The fast development of technology and the “new normality” that has been recently established as the business code of conduct due to the pandemic have led to the rise of freelancing. Many working people around the world are turning to home-based work. Some of them are ordered by their companies to do it, while others take the path of freelancing. While the former includes working from home for a fixed salary, the latter means starting from scratch until you get your motor rolling. In the next few paragraphs, we’re going to discuss some important considerations for freelancers-to-be.
- Combining a steady job and side jobs
Becoming a freelancer is a significant change in everybody’s life. It might be easier for people who still haven’t started a family or for married people with children. Nevertheless, replacing a secure, steady job with the uncertainty of freelancing is a bold move. Instead of being assigned tasks and projects by your team leaders and managers, now you’re the one who needs to seek jobs on a dense global labor market.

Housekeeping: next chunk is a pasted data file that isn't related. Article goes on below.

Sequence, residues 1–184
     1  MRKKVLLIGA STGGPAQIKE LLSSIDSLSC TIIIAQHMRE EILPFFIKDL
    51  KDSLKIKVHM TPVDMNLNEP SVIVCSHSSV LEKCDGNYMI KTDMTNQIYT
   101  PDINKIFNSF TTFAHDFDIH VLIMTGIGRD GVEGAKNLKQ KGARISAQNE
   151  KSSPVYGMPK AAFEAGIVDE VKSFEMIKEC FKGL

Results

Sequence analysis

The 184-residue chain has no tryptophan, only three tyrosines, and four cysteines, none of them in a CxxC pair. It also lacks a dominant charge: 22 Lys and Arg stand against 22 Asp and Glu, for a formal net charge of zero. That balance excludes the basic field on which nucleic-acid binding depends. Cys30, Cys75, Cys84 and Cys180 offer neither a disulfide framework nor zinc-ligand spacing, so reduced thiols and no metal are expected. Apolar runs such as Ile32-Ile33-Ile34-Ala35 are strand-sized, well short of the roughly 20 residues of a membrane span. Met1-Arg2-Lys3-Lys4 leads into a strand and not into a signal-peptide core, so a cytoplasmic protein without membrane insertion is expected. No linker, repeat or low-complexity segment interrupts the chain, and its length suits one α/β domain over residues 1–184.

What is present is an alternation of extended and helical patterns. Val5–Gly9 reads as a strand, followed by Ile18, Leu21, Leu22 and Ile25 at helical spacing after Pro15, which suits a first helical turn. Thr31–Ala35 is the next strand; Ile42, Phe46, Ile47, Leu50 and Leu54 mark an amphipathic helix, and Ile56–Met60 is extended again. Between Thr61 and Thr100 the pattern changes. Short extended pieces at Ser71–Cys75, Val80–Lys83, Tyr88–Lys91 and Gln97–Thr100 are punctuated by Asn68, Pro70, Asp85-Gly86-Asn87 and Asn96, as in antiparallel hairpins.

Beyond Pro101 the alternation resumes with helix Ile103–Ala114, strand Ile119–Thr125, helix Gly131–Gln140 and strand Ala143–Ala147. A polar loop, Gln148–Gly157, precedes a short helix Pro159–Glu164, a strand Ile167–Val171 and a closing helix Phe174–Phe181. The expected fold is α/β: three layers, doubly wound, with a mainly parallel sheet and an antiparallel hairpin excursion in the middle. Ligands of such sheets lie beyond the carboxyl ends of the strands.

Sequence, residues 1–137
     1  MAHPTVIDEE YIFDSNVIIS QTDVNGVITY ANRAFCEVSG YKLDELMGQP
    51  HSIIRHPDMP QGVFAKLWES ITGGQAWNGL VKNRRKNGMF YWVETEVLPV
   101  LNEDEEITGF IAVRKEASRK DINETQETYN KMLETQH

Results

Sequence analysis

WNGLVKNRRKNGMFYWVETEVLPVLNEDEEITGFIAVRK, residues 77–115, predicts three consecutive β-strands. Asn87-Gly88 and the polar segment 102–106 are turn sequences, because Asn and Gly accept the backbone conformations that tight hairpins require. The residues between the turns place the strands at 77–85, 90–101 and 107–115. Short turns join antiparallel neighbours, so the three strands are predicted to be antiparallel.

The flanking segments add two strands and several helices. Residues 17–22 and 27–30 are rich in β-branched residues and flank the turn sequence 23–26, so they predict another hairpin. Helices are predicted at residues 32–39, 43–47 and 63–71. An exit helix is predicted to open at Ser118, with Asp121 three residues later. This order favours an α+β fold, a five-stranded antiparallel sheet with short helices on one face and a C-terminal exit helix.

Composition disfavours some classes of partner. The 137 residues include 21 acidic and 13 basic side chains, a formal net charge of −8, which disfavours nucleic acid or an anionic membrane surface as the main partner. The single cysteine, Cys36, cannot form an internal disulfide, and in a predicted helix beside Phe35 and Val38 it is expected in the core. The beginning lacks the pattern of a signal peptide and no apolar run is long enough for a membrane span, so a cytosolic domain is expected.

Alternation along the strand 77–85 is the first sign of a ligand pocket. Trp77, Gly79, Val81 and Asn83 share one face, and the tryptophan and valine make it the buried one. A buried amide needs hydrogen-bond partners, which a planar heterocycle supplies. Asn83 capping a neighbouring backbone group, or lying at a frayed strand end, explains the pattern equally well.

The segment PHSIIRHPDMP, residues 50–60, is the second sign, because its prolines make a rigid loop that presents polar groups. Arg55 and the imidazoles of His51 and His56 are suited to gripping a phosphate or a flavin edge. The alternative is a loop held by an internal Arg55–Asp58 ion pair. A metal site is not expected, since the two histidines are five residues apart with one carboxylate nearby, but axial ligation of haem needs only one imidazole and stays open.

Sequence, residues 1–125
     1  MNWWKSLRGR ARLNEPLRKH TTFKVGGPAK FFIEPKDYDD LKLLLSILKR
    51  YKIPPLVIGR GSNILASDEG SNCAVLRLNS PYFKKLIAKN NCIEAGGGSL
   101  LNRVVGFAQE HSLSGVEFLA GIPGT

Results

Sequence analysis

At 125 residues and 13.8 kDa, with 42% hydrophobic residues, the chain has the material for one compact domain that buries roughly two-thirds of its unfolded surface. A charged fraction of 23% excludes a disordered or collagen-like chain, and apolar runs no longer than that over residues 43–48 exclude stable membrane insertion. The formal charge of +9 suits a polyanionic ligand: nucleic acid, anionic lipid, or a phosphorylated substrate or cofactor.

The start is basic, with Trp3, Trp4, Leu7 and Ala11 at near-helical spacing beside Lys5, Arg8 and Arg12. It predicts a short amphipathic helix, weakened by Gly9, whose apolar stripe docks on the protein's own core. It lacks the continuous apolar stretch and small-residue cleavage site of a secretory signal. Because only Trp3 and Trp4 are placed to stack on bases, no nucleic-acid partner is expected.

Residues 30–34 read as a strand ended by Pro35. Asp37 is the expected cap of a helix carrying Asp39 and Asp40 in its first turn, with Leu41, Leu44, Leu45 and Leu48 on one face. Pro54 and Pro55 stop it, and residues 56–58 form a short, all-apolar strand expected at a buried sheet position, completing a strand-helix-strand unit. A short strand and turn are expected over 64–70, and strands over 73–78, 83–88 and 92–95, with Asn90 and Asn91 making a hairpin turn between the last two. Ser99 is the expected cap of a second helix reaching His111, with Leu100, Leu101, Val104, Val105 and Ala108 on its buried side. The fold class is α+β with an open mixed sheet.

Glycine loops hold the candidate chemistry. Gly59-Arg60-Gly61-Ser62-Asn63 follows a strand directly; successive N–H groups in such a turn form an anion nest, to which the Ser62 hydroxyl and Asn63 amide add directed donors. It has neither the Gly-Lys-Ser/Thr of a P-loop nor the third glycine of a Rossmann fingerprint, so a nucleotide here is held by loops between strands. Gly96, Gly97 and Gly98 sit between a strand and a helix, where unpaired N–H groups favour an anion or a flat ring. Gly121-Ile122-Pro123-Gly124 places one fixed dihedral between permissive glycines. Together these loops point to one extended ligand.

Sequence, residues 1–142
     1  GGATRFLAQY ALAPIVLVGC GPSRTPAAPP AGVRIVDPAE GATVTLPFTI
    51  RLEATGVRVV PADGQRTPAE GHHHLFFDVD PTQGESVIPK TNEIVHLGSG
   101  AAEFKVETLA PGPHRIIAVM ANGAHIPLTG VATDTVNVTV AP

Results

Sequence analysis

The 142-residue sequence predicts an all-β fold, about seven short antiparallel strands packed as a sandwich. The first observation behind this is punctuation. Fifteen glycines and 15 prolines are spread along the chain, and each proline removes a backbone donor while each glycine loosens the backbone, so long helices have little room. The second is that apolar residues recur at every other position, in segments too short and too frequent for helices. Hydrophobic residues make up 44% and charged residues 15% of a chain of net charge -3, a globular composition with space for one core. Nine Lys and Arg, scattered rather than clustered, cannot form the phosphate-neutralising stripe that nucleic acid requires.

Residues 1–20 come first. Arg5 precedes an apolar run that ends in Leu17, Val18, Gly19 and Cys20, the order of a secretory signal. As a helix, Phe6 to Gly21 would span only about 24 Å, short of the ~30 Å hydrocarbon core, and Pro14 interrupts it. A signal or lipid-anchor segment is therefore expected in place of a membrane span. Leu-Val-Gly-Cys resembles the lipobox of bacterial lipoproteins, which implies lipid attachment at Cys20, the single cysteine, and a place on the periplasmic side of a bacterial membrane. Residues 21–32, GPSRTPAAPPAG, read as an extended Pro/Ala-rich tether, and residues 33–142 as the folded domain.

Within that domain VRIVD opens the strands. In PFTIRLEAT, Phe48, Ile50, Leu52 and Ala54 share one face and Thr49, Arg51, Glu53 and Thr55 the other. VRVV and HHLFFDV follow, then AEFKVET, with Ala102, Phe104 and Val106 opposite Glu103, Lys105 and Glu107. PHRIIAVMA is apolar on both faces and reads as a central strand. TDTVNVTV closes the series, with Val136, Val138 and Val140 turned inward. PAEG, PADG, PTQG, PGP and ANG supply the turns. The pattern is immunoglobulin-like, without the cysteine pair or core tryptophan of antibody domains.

On the one hand, the potentials are immense because you might make more money in one month than your company colleagues in a year. On the other hand, things usually don’t take off so quickly or successfully. Most freelancers spend months, even years mining for that one life-changing project that skyrockets them into the freelancing elite.
Because of that, think about combining a steady job and side projects at the beginning. This will give you some time to feel the pulse of the market and find the right spot for your freelancing quest. Apart from that, you’ll have enough time to save enough assets as a safety cushion once you leave your steady job for pure freelancing.
- Ensuring financial stability
The scenario from the previous paragraph in which you simply start freelancing and get rich is not too probable. It is not impossible, but it is more likely for experienced experts in a narrow number of fields – financial consultants, senior software developers, exquisite designers and similar professionals. Such people will earn more if they start charging their work by projects, instead of full-time employment.